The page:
I lived in Amsterdam for five years, which really helped me forward my research on Alice Guy. I spent a lot of time in film archives all over Europe, from London to Paris to Berlin, Munich, Barcelona, and of course, at the Netherlands Filmmuseum in Amsterdam itself.
While there I fell in love with a Franco-Belge comic series entitled Les Aventures extraordinaires d'Adèle Blanc-Sec. The brain child of comic book artist Jacques Tardi.
Adèle Blanc-Sec has the kind of adventurous life I’d dreamed of as a child: she’s a freelance writer in pre-WWI Paris (her later adventures took place in the 1920s) and battles a host of weird monsters, from pterodactyls in the Jardin des Plantes in Paris to satanic sects to Egyptian Mummies brought back to life. Here’s a quote from the Cool French Comics website that explains the break in chronology:
The series begins in 1911, when a sect of Parisian demon worshippers are on a spree of human sacrifices. Adèle interferes and eventually defeats the Cult. At the end of the fourth album, Tardi brought back some characters from The Demon of the Ice, tying up most of the loose ends in a bloody massacre, during which Adèle was fatally stabbed in the heart! Fortunately, our heroine was rescued by a young scientist who, with the help of Adèle resurrected Mummy, placed her in hibernation. In an interview, Tardi explained that Adèle "death" was necessitated by the onset of World War I. Her feisty nature made it impossible to provide her with a place in the war. She would not have been allowed to fight, and could no more have settled for being a nurse, than she could have remained home rolling bandages.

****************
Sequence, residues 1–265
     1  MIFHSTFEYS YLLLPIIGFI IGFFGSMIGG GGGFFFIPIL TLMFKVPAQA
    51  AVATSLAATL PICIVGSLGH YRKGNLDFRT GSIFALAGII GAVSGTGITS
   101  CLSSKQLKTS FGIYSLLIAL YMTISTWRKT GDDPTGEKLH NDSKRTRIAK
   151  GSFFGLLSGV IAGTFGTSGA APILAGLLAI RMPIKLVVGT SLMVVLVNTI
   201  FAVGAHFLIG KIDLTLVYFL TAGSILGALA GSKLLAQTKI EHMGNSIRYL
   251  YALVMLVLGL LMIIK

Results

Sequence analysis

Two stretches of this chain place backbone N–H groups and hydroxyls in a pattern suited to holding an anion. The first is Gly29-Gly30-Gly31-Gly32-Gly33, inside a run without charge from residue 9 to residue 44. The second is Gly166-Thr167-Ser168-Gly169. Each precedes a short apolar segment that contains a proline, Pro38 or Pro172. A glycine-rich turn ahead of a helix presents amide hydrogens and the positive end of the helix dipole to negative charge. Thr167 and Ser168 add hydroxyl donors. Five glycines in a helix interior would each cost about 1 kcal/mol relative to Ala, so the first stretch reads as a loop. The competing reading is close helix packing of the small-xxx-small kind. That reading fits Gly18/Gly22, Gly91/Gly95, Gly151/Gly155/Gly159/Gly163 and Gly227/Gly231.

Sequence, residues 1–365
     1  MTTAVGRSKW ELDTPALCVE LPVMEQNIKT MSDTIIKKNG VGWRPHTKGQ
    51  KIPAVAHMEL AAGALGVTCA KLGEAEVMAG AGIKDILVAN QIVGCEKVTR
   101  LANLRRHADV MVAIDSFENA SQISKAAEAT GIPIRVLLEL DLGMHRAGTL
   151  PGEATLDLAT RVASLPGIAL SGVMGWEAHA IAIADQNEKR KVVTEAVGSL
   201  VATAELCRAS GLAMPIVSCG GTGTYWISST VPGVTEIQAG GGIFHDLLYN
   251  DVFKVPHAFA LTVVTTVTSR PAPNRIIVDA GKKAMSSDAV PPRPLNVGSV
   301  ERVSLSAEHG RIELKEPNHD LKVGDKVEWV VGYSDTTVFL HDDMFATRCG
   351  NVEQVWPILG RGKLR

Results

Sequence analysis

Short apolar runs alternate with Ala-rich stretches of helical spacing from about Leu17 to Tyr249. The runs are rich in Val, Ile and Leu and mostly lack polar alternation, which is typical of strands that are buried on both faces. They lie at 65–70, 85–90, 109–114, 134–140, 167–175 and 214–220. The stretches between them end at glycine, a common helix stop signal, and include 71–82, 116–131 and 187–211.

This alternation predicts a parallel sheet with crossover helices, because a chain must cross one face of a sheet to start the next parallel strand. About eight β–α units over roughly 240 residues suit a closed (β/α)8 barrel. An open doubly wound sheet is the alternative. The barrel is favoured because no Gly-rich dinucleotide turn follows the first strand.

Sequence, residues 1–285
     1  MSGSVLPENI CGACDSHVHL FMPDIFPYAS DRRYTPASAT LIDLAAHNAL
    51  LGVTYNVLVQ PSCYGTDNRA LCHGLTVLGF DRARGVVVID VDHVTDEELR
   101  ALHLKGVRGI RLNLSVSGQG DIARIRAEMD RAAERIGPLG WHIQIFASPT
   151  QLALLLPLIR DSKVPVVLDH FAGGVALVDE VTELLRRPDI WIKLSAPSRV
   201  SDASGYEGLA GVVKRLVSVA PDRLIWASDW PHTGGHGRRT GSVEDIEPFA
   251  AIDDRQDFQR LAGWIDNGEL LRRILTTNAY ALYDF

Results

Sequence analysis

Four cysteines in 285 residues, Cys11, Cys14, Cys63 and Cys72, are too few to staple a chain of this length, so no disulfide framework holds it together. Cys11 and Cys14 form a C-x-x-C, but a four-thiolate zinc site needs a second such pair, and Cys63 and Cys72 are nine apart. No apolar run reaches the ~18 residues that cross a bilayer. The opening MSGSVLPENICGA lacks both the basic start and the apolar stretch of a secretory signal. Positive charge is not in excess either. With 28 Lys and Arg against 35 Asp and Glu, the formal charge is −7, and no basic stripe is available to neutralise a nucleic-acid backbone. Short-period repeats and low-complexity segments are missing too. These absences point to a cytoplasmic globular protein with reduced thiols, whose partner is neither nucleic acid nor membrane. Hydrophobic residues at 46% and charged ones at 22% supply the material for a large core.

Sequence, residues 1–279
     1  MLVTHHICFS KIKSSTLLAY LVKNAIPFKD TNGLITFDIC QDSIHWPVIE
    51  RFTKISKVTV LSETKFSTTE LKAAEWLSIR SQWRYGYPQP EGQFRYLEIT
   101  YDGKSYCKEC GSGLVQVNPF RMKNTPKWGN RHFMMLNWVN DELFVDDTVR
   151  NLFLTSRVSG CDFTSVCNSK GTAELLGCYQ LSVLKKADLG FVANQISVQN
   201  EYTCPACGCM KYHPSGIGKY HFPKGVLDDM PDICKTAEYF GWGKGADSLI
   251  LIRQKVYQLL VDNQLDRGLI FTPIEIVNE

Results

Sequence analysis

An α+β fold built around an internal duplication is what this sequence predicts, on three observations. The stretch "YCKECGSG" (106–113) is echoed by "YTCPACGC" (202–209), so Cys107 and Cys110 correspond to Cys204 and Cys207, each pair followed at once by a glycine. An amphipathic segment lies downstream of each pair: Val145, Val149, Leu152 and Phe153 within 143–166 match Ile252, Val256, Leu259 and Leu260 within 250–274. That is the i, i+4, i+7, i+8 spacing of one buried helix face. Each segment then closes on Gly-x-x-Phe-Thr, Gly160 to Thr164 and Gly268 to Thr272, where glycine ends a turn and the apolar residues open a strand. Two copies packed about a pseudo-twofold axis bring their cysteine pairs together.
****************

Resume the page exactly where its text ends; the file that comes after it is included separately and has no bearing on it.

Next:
The French website describing her adventures can be found here.
In other words, if Alice Guy had been a steampunk character, she might have been something like Adèle Blanc Sec. It was only a matter of time before someone decided to put her on film, directed by Luc Besson, who is no stranger to directing action heroines, as he has also helmed La Femme Nikita and The Fifth Element fame. Although there has been some debate as to whether this will be a steampunk movie or whether it simply "accurately reflects the period" as the makers of Sherlock Holmes claimed about their film.
Website for the film is here.
The website offers a great postcard tour of Belle Époque Paris, which of course was also Alice Guy’s Paris, with images comparing Paris then and now.
In other words, both the site, and potentially, the upcoming movie, will be of interest to anyone who loves Alice Guy’s Paris as well as spunky Belle Époque heroines – the kind of heroine Alice Guy had to come to America to be able to make a movie about.